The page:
The Wind Up Bird Chronicle is an eminently genre defying novel, mysterious, horrifying, hilarious, and realistic, delving into Japan’s dark past and it’s everyday present, as the bemused everyman narrator finds his life becoming increasingly bizarre following the disappearance of his cat. I think than on each rereading of this book, the reader would discover new insights and tangents that they had not noticed before. I’d definitely like to reread it some day!    

 

Favorite Nonfiction: A Good Time for the Truth

27882384Among the most topic books I read last year, this, I feel, is a very important book, especially now. A collection of essays by writers of color living in Minnesota published by the Minnesota Historical Society, A Good Time for the Truth: Race in Minnesota, reflects the diversity of voices that has long been neglected in telling the story of contemporary Minnesota, often seen as a “white” state (among the whitest) while also being among the most progressive. As the visibility of the persistence of racism in our culture rises, now is definitely a time for the truth regarding race and racism in Minnesota. After I began reading it, this became all too clear as Philando Castile became the latest victim of police violence in the United States, again showing that the great state of Minnesota is not immune to the perpetration and perpetuation of white supremacy. Like everywhere in the United States, racism is a legacy that Minnesota needs to face and the authors in this collection present a great, and sobering, introduction.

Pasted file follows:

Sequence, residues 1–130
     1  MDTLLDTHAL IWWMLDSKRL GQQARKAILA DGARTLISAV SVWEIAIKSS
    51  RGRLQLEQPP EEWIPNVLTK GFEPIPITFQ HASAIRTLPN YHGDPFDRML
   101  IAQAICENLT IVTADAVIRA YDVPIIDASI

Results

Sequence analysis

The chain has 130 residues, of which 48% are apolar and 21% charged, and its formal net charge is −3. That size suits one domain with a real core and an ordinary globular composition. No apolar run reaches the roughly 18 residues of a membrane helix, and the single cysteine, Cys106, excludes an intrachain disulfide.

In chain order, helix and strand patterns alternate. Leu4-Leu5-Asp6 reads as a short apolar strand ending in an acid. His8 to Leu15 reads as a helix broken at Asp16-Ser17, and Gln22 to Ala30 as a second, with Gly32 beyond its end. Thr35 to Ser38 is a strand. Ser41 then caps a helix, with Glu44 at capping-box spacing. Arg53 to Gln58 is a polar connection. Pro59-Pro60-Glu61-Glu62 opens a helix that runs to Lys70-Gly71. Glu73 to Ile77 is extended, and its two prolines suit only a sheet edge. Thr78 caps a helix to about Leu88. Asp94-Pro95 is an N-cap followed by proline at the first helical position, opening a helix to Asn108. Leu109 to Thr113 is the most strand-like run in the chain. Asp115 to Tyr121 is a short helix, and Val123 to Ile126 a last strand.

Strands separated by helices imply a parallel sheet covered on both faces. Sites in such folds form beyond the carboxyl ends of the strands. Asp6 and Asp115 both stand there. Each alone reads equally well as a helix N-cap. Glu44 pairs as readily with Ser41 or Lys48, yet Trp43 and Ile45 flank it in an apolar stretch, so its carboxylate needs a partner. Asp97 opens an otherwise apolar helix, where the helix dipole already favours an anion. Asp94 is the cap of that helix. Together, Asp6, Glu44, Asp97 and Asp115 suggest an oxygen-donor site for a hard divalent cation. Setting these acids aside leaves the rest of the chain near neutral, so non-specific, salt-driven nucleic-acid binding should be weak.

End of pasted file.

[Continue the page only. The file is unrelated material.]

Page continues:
Favorite Comics: Hot Dog Taste Test26073066

 

Best known for her work in the masterful Netflix black comedy Bojack Horseman (among the shows binged last year), Lisa Hanawalt’s dry and absurd sense of humor brings the surreal to the everyday and imbuing even boring objects like roots and tubers with lives of their own. This collection of comic art focuses on food in all it’s delicious, savory, and occasionally gross wonder, ranging from impressionistic fables using her trademark animal people and autobiographical travelogs. Here, Hanawalt’s humor and languid, outrageous, bawdy, and detailed watercolors and got me laughing and also got me craving Argentinian pastries. 

Dishonorable Mention

5100579Most of the books I read this year were at least okay, with one glaring exception. During our summer vacation, we traveled to my family’s traditional vacation spot of Door County, Wisconsin where I decided to read one of the local history books I picked up on the quaint little resort towns on the Lake Michigan coast, Old Peninsula Days. Wow, that was a mistake! The self important prattling and ugly racism of author Hjalmar Holand made it a deeply unpleasant experience- I wrote more in this post.

 
Now that February is more than half over, I’ve definitely got some new things planned for this blog in 2017.